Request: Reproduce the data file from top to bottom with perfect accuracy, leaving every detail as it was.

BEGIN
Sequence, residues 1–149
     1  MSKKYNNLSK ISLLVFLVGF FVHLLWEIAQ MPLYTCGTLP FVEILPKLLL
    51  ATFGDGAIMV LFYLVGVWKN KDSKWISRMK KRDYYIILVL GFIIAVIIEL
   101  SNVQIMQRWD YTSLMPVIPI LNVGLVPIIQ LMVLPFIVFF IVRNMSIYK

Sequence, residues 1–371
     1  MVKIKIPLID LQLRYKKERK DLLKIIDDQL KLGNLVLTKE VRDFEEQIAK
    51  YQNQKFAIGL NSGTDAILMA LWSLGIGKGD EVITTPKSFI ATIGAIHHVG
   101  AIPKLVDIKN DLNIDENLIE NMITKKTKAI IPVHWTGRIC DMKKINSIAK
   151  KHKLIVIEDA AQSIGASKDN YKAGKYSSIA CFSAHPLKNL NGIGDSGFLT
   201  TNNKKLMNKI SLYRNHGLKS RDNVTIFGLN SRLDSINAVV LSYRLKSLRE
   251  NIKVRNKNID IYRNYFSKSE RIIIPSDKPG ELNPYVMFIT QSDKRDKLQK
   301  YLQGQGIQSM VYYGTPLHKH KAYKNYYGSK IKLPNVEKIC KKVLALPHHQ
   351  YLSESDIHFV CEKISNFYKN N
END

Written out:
Sequence, residues 1–149
     1  MSKKYNNLSK ISLLVFLVGF FVHLLWEIAQ MPLYTCGTLP FVEILPKLLL
    51  ATFGDGAIMV LFYLVGVWKN KDSKWISRMK KRDYYIILVL GFIIAVIIEL
   101  SNVQIMQRWD YTSLMPVIPI LNVGLVPIIQ LMVLPFIVFF IVRNMSIYK

Sequence, residues 1–371
     1  MVKIKIPLID LQLRYKKERK DLLKIIDDQL KLGNLVLTKE VRDFEEQIAK
    51  YQNQKFAIGL NSGTDAILMA LWSLGIGKGD EVITTPKSFI ATIGAIHHVG
   101  AIPKLVDIKN DLNIDENLIE NMITKKTKAI IPVHWTGRIC DMKKINSIAK
   151  KHKLIVIEDA AQSIGASKDN YKAGKYSSIA CFSAHPLKNL NGIGDSGFLT
   201  TNNKKLMNKI SLYRNHGLKS RDNVTIFGLN SRLDSINAVV LSYRLKSLRE
   251  NIKVRNKNID IYRNYFSKSE RIIIPSDKPG ELNPYVMFIT QSDKRDKLQK
   301  YLQGQGIQSM VYYGTPLHKH KAYKNYYGSK IKLPNVEKIC KKVLALPHHQ
   351  YLSESDIHFV CEKISNFYKN N